ALBANY—While announcing that Geico would expand to create 300 new jobs in suburban Buffalo, David Paterson was asked what he would do about a bill to strengthen oversight of public authorities. Paterson has written the bill's sponsors with some concerns, and was asked if he would veto it if it is not amended.
"That question had three ‘ifs,' so I'm going to give you an answer that has none," Paterson said, before blasting the State Senate, which has been part of his political comeback strategy. He said that he is calling lawmakers back for an extraordinary session to "finish legislation that couldn't be completed because the legislature went out to have a political fight in the last two weeks of session."
Here's the rest of what Paterson said:
The public authorities have needed to be reformed for a long time. I, as a member of the legislature, worked with one of the sponsors–Assemblyman Brodsky–on that issue and turned it over when I left to the senator who actually took my place in my district, Senator Perkins, and that's who passed the bill. Public authorities: there is abuse, there is waste, it does need reform. Public auth at times have become the shadow government. Here's the problem: there are some inequities in that bill that act for actually work counter to what the bill is supposed to do. How do you reform an agency when you ask that the appointees only serve the agency? That is the wrong way to reform an agency because now appointees to the board can't identify the abuse and the waste that we already know. The people who are appointed to the agency shouldn't be responding to the legislature, they should be responding to the public. Here's another example: when you do a land swap, often what we're doing often to create jobs, is helping subsidize the land so a company can come in and create jobs. We just did that a few weeks ago around here. So if you have to have an even swap for land all the time, you lose the opportunity to use public money as we're doing even here today with Geico in trying to stimulate the economy by stimulating the work force.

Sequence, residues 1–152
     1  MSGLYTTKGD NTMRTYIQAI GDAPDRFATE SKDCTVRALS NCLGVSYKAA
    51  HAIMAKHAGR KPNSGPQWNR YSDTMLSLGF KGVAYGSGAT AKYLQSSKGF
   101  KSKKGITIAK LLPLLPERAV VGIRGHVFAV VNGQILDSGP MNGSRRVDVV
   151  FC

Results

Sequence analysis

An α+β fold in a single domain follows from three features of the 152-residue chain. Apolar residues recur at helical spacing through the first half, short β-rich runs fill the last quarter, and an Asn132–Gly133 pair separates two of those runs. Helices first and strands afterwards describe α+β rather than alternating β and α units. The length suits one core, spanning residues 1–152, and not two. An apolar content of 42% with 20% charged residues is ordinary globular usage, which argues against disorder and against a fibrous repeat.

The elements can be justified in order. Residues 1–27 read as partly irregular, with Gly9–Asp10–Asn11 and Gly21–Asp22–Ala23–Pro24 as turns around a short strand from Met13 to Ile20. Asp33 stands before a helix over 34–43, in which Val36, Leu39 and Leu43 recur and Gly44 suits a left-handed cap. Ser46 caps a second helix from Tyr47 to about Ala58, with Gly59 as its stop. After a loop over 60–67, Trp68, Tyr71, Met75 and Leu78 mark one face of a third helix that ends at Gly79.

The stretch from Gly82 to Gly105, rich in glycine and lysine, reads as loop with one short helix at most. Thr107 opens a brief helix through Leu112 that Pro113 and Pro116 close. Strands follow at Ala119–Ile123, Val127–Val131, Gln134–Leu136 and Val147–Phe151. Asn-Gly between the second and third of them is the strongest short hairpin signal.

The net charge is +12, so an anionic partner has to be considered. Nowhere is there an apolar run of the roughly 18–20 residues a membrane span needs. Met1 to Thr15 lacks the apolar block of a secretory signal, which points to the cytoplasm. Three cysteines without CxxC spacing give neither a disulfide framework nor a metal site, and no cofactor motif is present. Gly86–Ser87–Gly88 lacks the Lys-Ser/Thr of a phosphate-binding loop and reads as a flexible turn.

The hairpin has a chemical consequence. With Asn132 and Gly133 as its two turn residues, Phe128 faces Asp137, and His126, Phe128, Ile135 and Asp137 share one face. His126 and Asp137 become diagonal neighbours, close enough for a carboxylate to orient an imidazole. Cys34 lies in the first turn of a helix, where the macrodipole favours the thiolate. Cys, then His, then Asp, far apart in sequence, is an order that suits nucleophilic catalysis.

Whenever you have an agency system and you're trying to keep it so that it's serving the public, you must always have it responding to one entity. Many of these aspects of the bill have it responding to the Senate and the Assembly. When do the Senate and Assembly agree on anything? One of those two bodies couldn't even show up for work for a month at the end of the session, necessitating us going back in September. If you leave decisions for more than one person, not only in government but in life, you've got a lot of problems.
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